Thomas Mapfumo: Yes the situation is very bad and its real. Musicians in Zimbabwe can not make money from their music because of the corrupt government. The problem is piracy and it is the Zimbabwean government behind the piracy. They even sponsor a company to pirate music. There is nothing the musicians can do because it is not their fault.It is the government behind it all. Which is very unfortunate. The government’s main problem is corruption and lawlessness. Until there is a positive change in governance, musicians would have to find ways to survive and not relying on the music as the source of living.
Jean: Talking about the Government of Zimbabwe and President Robert Mugabe, you have made your stance very clear publicly about where you stand. Recently you have been a very active member of the #ThisFlag movement started by Evan Mawarire. You participated in the New York Demonstrations against Robert Mugabe at the UN headquarters in September. The turn out for the demonstrations was very disappointing. People did not come out to support the movement when they were needed the most. What do you think was achieved by the New York Demonstrations against Mugabe despite the low turn out?
Thomas Mapfumo: Actually what really happened is, on the first day of the demonstrations, a lot of people turned up as planned. They were expecting to see Robert Mugabe arriving and shame him but Mugabe never turned up. He had heard about the demonstrations and chose not to come on the first day so the people got tired of waiting and left. The people did not show up the days afterwards. Mugabe showed up a few days later and that was his strategy hence the low turnout. We managed to achieve a lot despite the low turn out. We also got a lot of International support and granted interviews with lot of international media houses. I also gave a number of Interviews myself. Our voices where heard by a larger audience.
Jean: Talking of International Support for Zimbabwe, the question that always arise is what happens after we get the International Support and tell the world our story? What is the world going to do about it? How will they help Zimbabwe? They are not able to change Zimbabwe are they?
Thomas Mapfumo: Well yes its difficult because as much as we share our voices, there is only so much that can be done. We as a people lack unity and to achieve change, we have to unite. One thing the government has achieved is causing division among the people. Zimbabwe is very divided.
As for International support, it’s sad that the world leaders are silent about the Zimbabwe situation. Barack Obama remains silent on the Zimbabwe situation. The one who has been very outspoken about Zimbabwe is Donald Trump. He is the only person who has spoken out saying if he wins the presidential election he will remove Mugabe from power.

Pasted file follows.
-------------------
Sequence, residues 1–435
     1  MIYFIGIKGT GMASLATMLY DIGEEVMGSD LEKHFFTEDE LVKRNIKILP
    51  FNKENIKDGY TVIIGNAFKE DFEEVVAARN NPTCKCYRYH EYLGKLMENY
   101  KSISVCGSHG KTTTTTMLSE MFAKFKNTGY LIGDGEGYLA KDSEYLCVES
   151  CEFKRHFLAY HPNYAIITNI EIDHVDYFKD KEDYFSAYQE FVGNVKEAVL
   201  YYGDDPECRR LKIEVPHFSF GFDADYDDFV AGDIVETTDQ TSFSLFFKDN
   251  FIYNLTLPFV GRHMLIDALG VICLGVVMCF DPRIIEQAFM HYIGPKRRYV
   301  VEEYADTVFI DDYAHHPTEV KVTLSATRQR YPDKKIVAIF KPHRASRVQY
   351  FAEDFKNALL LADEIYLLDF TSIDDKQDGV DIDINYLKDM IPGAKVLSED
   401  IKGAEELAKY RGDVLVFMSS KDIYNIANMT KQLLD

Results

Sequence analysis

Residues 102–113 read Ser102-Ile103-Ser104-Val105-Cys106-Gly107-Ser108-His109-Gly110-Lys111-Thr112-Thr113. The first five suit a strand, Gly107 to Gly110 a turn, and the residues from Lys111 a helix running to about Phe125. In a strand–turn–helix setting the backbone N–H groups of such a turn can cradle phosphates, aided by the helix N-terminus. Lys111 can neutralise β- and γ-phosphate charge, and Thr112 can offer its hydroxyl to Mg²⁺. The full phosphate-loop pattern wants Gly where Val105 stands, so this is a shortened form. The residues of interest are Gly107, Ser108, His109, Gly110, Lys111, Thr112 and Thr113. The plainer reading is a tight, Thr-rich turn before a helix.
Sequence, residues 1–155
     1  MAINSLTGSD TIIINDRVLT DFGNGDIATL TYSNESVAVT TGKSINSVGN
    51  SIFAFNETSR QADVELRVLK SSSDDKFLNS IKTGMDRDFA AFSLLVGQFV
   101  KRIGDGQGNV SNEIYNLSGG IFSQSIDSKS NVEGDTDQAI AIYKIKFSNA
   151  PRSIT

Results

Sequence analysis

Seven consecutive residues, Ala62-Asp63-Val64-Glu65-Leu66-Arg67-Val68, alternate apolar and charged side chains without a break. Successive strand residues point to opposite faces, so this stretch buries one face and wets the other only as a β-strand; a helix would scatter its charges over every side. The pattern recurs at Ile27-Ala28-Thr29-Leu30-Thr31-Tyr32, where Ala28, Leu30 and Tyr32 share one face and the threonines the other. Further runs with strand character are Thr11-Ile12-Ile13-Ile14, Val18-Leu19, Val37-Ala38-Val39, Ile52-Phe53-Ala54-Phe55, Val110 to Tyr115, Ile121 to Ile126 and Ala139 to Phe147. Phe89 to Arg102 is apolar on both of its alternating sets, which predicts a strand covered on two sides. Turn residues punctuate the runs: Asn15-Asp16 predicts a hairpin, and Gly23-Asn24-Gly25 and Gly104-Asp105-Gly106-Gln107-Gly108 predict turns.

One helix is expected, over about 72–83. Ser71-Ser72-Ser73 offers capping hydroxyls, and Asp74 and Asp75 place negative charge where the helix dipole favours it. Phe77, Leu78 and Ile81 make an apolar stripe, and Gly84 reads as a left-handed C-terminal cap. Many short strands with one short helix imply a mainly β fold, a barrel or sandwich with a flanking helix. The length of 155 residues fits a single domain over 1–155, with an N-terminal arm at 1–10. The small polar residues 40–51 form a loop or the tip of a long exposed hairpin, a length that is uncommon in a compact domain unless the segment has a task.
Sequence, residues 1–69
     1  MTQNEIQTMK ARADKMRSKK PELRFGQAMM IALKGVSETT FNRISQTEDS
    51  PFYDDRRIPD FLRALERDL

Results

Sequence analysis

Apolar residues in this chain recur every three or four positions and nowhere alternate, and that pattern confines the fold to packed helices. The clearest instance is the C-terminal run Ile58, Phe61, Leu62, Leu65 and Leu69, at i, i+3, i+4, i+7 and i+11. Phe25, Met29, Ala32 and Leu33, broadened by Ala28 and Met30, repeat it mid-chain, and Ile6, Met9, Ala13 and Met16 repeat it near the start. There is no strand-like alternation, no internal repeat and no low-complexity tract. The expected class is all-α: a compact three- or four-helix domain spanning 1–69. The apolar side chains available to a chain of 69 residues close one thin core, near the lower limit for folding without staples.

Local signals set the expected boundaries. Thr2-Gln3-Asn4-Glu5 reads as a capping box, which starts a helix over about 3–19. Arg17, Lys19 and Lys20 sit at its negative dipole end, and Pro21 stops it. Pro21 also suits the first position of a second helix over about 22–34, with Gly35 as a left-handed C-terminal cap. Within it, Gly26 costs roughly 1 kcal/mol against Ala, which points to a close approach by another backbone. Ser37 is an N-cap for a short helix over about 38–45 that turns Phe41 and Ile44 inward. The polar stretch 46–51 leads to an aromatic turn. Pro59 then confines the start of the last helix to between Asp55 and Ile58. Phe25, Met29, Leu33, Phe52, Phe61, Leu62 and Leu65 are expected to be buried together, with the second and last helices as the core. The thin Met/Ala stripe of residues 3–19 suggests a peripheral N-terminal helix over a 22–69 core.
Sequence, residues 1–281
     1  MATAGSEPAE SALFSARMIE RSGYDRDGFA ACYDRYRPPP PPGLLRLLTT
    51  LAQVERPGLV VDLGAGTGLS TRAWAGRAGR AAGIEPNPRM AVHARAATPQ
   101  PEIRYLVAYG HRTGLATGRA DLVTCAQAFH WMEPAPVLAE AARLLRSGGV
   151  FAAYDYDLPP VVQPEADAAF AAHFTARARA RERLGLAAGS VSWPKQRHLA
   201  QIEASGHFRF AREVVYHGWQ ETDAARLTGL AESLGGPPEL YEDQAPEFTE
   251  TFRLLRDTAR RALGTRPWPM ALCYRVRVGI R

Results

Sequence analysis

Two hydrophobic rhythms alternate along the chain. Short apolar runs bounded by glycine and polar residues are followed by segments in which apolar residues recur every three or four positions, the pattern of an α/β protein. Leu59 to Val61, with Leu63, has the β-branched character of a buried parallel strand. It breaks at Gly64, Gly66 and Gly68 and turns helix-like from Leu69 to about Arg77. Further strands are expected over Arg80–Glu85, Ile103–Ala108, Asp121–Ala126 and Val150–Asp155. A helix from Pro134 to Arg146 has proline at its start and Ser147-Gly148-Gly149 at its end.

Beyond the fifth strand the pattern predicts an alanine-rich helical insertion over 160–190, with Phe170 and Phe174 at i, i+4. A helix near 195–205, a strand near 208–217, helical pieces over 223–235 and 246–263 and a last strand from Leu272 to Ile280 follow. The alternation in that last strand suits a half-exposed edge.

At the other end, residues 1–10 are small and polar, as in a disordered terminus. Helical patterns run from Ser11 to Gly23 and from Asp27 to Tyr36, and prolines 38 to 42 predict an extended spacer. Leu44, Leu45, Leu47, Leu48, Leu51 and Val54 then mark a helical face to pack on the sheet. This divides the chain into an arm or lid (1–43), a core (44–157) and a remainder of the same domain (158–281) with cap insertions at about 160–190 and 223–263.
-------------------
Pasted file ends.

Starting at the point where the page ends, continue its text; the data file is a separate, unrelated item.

Jean: I have to say I like Donald Trump.To me he is way better than Hillary Clinton. I think his polices are better. I fear what will happen to the world if Clinton wins.
Thomas Mapfumo: You like Donald Trump? Why?
Jean: Well I am pro life. I can not stand anyone who supports the murder of babies. That is the first thing I look for in a good leader. Donald trump may not be the best candidate but his stance on moral and spiritual issues is very sound.
Thomas Mapfumo: Yes he is not a bad guy. He is okay but the biggest problem with him is that, he is a racist and he will not be good for our people. He wants America to be for whites only you know.
Jean: It is a very difficult one. We will watch how the elections play out. Dr Mapfumo it has been a pleasure talking to you and thank you for giving me your time. This has been a very enlightening experience for me. I feel I have gained an ounce of wisdom or two and I am sure my readers will feel the same. I also want to take this opportunity to thank you for all your contributions musically and as an activist, not only to Zimbabwe but to the world. Keep on doing what you are doing, you are an inspiration to many of us, Lion Of Zimbabwe. Thank you.
Thomas Mapfumo and The Blacks Unlimited: Danger Zone https://www.youtube.com/watch?v=NGijmOHWZrU
You can visit Dr Mapfumo’s website on http://www.thomas-mapfumo.com/
After listening to Dr Mapfumo, I had to look at myself in the mirror and admit that I have been part of the Zimbabwean problem especially in the music industry. As a woman living abroad, I have developed a knew taste of music. Dr Mapfumo said we need to go back to our roots and culture when it comes to music. If we can’t support our own artists, how can we expect other nations to respect them. Though I listen to Zimbabwe music regularly, I am not doing my part to promote our struggling Zimbabwean artist. They need our International support as well. I will now use my platform on this blog to positively impact the Zimbabwean music industry and will do my bit to promote my fellow brothers and sisters. I hope all the Zimbabweans, whether abroad or in Zimbabwe will do same. Lets all unite and help our musicians get the recognition they deserve. Please let us stop supporting piracy. These musicians are working very hard to entertain us as well as supporting themselves. Lets do the honorable thing as a people and stop supporting the illegal activity of pirated music. Dr Mapfumo mentioned that local music is not promoted enough in Zimbabwe, but we can use social media as the best tool to promote Zimbabwe music to the next level.
Disclaimer: This is an exclusive Interview copyrighted to Jean Gasho’s Blog.